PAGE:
Many new yoga teachers ask me how to teach yoga to pregnant women. What poses are best for each trimester? What postures should I avoid? Many of these questions are important to answer, but much more goes into teaching prenatal yoga than just the postures. It is the emotional and spiritual energy in the room that really matters; the postures are secondary.
I developed my intuition through teaching prenatal yoga. If a student is distracted or is emanating low energy then you choose poses and cues that address those issues. When you learn to read the room with your intuition, then you have mastered the art of teaching prenatal yoga. It is sharpening your inner site and vision that holds together a yoga class. Once you do that, then you will know what postures to teach and which ones to avoid.
Here are 5 Tips to teach prenatal yoga with confidence and clarity.
1. Sharpen your intuition - Change your class to suit the energy in the room. If you sense that some students need to slow down and others need a more energetic practice learn to spit the difference. For example, have the students who need to raise their energy do tree balance with their arms extended above their head and the others who need to lower their energy place their hands in prayer.
2. The Breath- If you find the over-all energy in the studio is unbalanced begin with a slow simple abdominal breath against the wall or leaning on a ball. If the energy needs to be elevated then do a faster three part breath.
3. Keep the class moving- Make sure you know your fluid transitions from posture to posture. Design a practice that makes sense physically and requires very little thought. The whole purpose is to bypass the thinking mind.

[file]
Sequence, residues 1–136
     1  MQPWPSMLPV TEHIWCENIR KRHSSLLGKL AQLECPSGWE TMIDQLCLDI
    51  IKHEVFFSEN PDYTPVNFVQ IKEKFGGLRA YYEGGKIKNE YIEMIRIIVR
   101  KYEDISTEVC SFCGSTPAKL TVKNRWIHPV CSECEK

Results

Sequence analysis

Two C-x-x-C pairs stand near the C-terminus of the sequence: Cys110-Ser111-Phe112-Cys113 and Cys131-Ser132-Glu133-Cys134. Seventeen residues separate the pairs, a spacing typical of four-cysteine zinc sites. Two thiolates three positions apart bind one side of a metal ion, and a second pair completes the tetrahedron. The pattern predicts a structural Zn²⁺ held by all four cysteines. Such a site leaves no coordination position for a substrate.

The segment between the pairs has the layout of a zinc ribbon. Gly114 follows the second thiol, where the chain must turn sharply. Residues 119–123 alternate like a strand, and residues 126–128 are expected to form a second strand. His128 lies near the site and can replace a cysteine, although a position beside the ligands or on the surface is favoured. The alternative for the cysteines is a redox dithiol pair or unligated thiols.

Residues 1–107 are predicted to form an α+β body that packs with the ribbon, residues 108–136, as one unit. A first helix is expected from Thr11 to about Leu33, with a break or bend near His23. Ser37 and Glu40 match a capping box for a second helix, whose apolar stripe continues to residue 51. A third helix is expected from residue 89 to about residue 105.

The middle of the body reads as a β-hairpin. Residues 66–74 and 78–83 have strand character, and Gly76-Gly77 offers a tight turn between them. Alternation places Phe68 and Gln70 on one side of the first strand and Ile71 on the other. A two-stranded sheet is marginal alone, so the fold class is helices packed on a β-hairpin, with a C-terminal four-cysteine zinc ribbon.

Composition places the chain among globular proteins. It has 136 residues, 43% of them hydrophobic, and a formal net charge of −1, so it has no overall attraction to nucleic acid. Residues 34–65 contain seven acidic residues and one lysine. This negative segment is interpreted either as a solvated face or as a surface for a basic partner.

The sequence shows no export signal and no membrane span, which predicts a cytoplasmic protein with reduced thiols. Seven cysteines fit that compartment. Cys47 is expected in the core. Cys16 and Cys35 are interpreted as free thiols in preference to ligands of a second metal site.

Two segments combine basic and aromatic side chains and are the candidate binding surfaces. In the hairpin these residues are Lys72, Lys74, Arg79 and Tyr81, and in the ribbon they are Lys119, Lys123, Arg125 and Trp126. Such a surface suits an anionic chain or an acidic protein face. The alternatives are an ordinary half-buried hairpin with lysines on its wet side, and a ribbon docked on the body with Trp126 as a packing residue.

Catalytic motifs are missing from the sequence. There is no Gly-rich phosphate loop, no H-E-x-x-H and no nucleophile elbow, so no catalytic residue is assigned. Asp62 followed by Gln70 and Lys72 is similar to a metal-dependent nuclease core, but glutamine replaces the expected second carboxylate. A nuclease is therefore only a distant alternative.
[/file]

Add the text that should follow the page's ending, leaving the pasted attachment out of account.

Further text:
4. Make connections- In a prenatal class it is important to know trimesters, where the student will deliver, and the due date. Refer to your students by name and ask how their trimester is going. This is important for recurring students.
5. Incorporate affirmations into your relaxation- While you're leading your students in relaxation pepper your imagery with positive affirmations to build confidence for the student.There are many physical, mental, and psychological issues that come with pregnancy. Affirmations are a great support. Here are some examples:
I always find solutions to problems.
I am now prepared for any changes in my life,
I am energetic and focused.
Confidence and clarity in teaching prenatal yoga starts and ends with the instructor. Use these 5 tips with the intention that they will work and your students will reap the benefits.
Check out the info-graphic below.
What students are saying about the program
The Online Prenatal Training was fantastic from start to finish -- and with the continued connection that Carmela provides, there really is no end to the support and learning one gets as part of this training. Each module is presented in several formats-- audio, video, photos, and written material to ensure that no matter your learning style, you will have a clear grasp of all the information covered. Carmela is an expert teacher, nurse, and yogini who knows how to distill complex information into manageable chunks for easy retention. There is plenty of material to refer back to as needed, as well. The course covers safe yoga sequences for all stages of pregnancy as well as the postpartum period, so you can confidently teach even a multilevel course with participants in different trimesters. I highly recommend this training!
Jacqueline Demeri, yoga teacher and author of Animooves: Yoga & Creativity Inspired by Animals, currently available on Amazon.
Extremely well put! I couldn't have said it better. Carmela was awesome.
JoAnn Sosa, owner of Synergy Yoga Ocala, Fl.
About the Author
Carmela Cattuti has taught prenatal yoga since 1994 and has a nursing background. She is the creator of the Online Prenatal Training for Yoga Instructors and Fitness Professionals. Download you FREE prenatal yoga teacher module here A new session starts on January 7, 2019. www.prenatalyogatraining.org.